4. Stratum spinosumStratum Spinosum is also known as the prickle cell layer or squamous cell layer and lies under the Granulosum. This layer rapidly divides as keratin is pushed into them, making their cells tough and waterproof. This is the thickest layer of the epidermis. This layer gives the skin strength as well as flexibility.
5. Stratum germinativum (basal layer)Stratum Germinativum, also known as the basal layer, is the innermost layer of the epidermis. This is where the skins most important cells, called keratinocytes, are formed before moving up to the surface of the epidermis. This is a living layer that receives its blood supply from the dermis. It produces new cells which reproduce by mitosis (each cell divides into two), which are pushed up through the overlying layers of the epidermis where they eventually lose their nuclei and die, which aids in continually repairing the skin. Melanocytes (pigment-producing cells) are found in this layer, and they are responsible for our skin colour and help protect us from UV.

If you would like to learn more about the layers of the skin and layers of the epidermis, you may like to access the resources linked:

Another important factor that will impact your makeup applications is the pH levels of your client’s skin. Put simply, pH is a measurement figure expressing the acidity or alkalinity of a solution. You may have seen pH scales before:

As you can see on the scale above, a battery is very acidic, and solutions such as bleach are alkaline, with water being neutral. In terms of the pH level of our skin, it is said that the optimal level is between 4.5 and 5.5 for women. All of us have something known as the ‘acid mantle’ layer of the skin, and this essentially describes how acidic our skin is.

Key phrase | Acid Mantle: Your acid mantle is a balanced microflora ecosystem made up of sebum (an oily, waxy substance produced by your body’s sebaceous glands), fatty acids, lactic acid, amino acids and sweat, which keeps out viruses, bacteria, and other harmful microbes. It’s essentially a thin, protective film that covers your skin and also slightly acidic with a pH between 4.5 and 5.5 (which is why it’s called the acid mantle).

Dermatologists suggest that oily skin will usually have a pH range from 4 to 5.2, with dry skin having a pH above 5.5. Now, you won’t be doing any dermatological tests to determine your client’s pH level, but it is important to know what to look out for because you will need to use different products depending on the client’s skin. As a starting point, see you can determine the pH level of your own skin. The table below outlines what you can look out for to determine whether or not your acid mantle is too acidic or too alkaline:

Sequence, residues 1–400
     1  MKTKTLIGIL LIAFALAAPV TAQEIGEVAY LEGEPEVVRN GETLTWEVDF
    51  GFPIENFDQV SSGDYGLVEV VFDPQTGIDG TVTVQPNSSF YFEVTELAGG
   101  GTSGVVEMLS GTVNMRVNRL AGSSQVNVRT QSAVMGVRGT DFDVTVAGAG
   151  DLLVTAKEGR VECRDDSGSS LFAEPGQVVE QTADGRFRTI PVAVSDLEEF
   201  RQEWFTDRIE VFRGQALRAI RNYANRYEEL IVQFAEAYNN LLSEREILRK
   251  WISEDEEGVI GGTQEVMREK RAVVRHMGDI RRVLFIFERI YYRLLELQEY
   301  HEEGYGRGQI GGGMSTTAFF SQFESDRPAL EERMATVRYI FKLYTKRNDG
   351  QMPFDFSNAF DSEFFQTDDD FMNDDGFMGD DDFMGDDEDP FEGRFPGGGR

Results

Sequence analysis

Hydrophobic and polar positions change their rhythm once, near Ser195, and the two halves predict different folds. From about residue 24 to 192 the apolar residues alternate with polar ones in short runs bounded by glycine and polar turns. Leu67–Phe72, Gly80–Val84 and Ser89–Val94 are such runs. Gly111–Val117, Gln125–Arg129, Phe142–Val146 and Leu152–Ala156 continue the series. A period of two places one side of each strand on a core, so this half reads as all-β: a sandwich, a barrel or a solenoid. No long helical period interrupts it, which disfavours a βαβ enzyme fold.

Acid mantle might be too acidic because:Acid mantle might be too alkaline because:
You rarely need to use moisturiser
Your skin is reactive and sensitive to products
Your skin is oily and prone to blackheads, pimples and acne
Your skin often feels irritated or red
Your skin looks greasy
You wake up with an oily face
Your skin feels tight and dry after cleansing
You need to apply moisturiser throughout the day because your skin gets too dry
You sometimes get dry or rough patches or flaky bits on your skin
Your skin looks dull and in the morning shows more lines and wrinkles
Your skin rarely appears plump and dewy

So, if you tend to have oilier skin, your acid mantle may be too acidic, and if your skin is dry or flaky, your skin may be too alkaline. Our pH levels also change continually based on what we eat, how much sleep we get, our stress levels and the environment we live in. Other factors which can impact our skin pH include, but are not limited to:

  • Change in seasons, with different humidity levels and pollution
  • Ingredients in cosmetics, detergents, antibacterial soaps and gels
  • Sebum, skin moisture and sweat
  • Overexposure to the sun
  • Too frequent washing of your skin or skincare routine is too harsh

When trying to determine a clients pH levels on face value, it is useful to think about the four common skin types: normal, oily, dry and combination. The table below outlines each of these in more detail:

Skin typeOverviewWhat to look for
NormalA normal skin type is where the skin is well balanced and healthy. This means that it is neither oily nor dry, and normal skin will usually have balanced sebum and good blood circulation.Fine pores